Thank you Jack & Keith for humoring me while I educate myself and float ideas on voting methods. Let me explain my background. I am working on an open primary ballot initiative in Oregon, and our group is at loggerheads in deciding how run an election. We did agree that since primaries tend to have low turnout, more than two candidates should be advanced to the general election (we settled on Top-4 like Alaska).
We are constrained by the state constitution which says that voters “may vote for one person under the title for each office. Provision may be made by law for the voter’s direct or indirect expression of his first, second or additional choices among the candidates for any office.”
I’m not too worried about the primary election itself. Even plurality voting would likely produce four acceptable candidates. But looking at the popular menu of election methods for a 4-way single-winner election, none of them is appealing. Range and approval voting (and variations thereof) have the same flaw as plurality voting: if voters only pick one candidate, then the candidate who is the most opposed by a majority of voters could end up winning. For that reason I favor methods that ensure some level of majority support for the winner. However ranked-choice voting with instant runoff (RCV/IRV) does not reward a candidate for being nearly everyone’s second choice (proponents rationalize this flaw by claiming it to be a desirable feature). I also don’t like the complexity of RCV/IRV in a time when many voters are being told that elections can’t be trusted.
I came up with the “Vote for 2 then Instant Runoff” method as a way to include voters’ second choices in determining who would reach the runoff, while allowing voters to choose between “friend betrayal” and “later no harm” as a resolution of Arrow’s impossibility theorem. I mentioned this idea to someone promoting a different method, and they suggested that I post it on this forum. I still think it is not a bad way to run an election, but it is a bit awkward formatting it into a ranked-choice ballot.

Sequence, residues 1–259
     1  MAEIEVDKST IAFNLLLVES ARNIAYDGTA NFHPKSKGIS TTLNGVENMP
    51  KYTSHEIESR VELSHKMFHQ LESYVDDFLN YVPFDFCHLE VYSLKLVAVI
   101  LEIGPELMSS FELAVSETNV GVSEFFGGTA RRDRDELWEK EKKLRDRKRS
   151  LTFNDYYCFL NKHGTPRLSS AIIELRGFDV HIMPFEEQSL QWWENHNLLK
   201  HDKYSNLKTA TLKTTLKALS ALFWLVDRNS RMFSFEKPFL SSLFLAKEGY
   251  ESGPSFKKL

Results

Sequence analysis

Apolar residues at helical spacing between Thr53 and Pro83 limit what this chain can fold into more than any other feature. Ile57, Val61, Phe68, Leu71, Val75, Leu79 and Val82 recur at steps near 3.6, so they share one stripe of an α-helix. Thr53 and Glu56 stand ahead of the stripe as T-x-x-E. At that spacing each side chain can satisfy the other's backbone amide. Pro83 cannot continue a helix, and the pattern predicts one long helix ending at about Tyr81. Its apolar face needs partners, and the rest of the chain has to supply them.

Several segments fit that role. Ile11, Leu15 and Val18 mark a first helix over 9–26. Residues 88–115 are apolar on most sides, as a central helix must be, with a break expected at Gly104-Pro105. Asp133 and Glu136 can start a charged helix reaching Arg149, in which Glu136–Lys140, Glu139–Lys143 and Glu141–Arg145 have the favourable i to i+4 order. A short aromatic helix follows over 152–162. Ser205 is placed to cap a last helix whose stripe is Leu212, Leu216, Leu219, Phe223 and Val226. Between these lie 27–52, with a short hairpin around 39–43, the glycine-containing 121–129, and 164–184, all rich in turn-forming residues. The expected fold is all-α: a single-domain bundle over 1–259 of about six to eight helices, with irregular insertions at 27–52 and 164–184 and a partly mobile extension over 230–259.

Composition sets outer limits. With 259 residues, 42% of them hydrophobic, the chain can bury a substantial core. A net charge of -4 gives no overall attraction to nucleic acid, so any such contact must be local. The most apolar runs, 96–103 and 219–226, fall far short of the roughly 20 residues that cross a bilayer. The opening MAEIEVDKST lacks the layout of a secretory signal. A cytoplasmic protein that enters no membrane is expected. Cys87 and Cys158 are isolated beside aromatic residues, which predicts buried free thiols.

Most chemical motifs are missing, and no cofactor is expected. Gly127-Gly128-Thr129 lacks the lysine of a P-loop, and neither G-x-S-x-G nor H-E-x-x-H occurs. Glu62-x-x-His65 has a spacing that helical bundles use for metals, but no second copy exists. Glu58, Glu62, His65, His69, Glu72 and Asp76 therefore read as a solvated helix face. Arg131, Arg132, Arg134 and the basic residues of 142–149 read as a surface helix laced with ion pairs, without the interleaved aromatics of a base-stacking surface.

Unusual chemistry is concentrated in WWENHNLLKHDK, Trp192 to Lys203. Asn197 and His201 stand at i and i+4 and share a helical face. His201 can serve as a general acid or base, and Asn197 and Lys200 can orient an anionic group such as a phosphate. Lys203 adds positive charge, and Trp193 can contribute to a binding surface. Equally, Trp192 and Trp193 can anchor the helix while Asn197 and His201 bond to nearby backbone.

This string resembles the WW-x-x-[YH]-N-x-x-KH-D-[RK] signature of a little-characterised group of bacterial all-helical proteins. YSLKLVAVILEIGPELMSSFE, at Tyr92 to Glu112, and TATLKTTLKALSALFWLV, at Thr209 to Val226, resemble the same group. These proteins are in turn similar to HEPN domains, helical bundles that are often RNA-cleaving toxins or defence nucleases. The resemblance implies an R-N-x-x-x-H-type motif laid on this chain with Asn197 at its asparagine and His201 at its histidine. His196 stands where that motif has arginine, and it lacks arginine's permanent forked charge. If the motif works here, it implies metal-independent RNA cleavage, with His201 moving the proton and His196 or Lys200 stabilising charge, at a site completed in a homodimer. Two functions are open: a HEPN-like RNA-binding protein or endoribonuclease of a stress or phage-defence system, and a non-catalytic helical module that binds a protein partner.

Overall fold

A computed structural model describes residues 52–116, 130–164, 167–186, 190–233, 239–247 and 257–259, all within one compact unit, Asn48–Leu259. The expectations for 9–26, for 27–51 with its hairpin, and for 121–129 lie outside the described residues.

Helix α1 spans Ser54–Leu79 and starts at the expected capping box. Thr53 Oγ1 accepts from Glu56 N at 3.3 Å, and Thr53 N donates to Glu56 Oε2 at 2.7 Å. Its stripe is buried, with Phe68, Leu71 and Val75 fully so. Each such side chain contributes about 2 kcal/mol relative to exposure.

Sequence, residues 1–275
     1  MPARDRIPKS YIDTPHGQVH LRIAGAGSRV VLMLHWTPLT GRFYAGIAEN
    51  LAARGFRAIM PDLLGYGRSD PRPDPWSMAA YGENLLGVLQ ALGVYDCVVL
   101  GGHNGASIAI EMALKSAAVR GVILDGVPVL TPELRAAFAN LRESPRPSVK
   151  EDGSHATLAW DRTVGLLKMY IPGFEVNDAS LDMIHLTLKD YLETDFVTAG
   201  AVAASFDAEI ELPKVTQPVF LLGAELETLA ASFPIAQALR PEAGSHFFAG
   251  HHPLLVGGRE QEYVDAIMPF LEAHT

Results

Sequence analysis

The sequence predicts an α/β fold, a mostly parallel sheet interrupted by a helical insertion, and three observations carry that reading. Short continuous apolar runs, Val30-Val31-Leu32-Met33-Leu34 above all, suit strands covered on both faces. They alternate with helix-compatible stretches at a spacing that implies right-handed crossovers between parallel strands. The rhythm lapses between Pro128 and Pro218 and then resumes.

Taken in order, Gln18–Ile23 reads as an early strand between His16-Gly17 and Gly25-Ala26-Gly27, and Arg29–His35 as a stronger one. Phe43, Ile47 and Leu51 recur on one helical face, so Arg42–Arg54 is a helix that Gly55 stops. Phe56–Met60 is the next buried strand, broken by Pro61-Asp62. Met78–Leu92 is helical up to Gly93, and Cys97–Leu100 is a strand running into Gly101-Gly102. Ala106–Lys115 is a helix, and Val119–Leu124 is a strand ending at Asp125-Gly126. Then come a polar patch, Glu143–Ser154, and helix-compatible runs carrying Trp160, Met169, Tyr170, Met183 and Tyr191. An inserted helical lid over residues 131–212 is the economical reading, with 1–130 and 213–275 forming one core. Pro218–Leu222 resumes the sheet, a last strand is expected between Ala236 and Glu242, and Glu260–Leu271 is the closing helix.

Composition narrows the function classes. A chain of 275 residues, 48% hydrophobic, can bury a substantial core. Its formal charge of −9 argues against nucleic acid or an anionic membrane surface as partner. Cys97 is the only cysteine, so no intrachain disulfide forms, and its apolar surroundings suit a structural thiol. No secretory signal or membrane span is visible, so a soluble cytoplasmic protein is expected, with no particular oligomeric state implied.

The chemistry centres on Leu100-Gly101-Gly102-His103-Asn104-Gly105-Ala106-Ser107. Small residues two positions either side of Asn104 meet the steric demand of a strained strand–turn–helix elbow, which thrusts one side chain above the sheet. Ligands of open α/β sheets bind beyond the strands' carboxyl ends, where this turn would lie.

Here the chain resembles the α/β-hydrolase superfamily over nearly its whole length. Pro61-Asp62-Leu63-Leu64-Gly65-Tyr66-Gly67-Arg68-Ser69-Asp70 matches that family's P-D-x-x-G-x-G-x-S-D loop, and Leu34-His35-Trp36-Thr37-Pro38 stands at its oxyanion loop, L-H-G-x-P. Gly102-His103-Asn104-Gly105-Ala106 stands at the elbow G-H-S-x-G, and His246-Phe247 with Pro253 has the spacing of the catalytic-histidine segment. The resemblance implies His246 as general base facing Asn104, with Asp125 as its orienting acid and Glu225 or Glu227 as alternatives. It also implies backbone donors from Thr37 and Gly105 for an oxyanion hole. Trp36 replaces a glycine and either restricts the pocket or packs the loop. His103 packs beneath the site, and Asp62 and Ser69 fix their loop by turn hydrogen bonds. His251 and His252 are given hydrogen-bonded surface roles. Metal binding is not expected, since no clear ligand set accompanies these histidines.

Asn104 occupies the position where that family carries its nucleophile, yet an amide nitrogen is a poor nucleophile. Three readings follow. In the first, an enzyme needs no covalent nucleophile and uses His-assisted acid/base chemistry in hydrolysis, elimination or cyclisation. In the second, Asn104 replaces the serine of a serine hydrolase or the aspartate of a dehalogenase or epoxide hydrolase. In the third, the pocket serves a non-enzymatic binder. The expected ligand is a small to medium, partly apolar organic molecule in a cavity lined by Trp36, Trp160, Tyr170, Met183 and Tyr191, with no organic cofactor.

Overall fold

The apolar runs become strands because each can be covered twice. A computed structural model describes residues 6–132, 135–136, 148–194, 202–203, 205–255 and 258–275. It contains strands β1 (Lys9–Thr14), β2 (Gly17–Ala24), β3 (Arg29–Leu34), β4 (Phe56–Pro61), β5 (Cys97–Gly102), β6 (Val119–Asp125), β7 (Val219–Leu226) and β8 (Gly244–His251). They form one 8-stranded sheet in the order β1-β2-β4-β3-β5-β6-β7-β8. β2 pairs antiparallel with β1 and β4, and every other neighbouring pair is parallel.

I then started wondering if there was a way to guarantee majority support without having a runoff. That led me to the “Successive Rank Voting” proposal that I now realize is just a form of Bucklin voting. I’m surprised that Bucklin voting never popped up in any of my internet searches. Evidently it is not good to force voters to choose candidates they don’t like, so I’m abandoning that idea.
However, Bucklin voting does seem like a logical way to count successive ranks, so I now favor combining Bucklin voting with an instant runoff if no candidate achieves a majority. The runoff can be achieved using a ranked choice ballot by distinguishing between approved and non-approved candidates in the rankings. See http://www.classicalmatter.org/Election Science/BAIR Voting.pdf . This admittedly wouldn’t qualify as a “new method”, except perhaps in the details of vote tabulation. But I still appreciate feedback.
That’s my story. Thanks for indulging me in this discussion.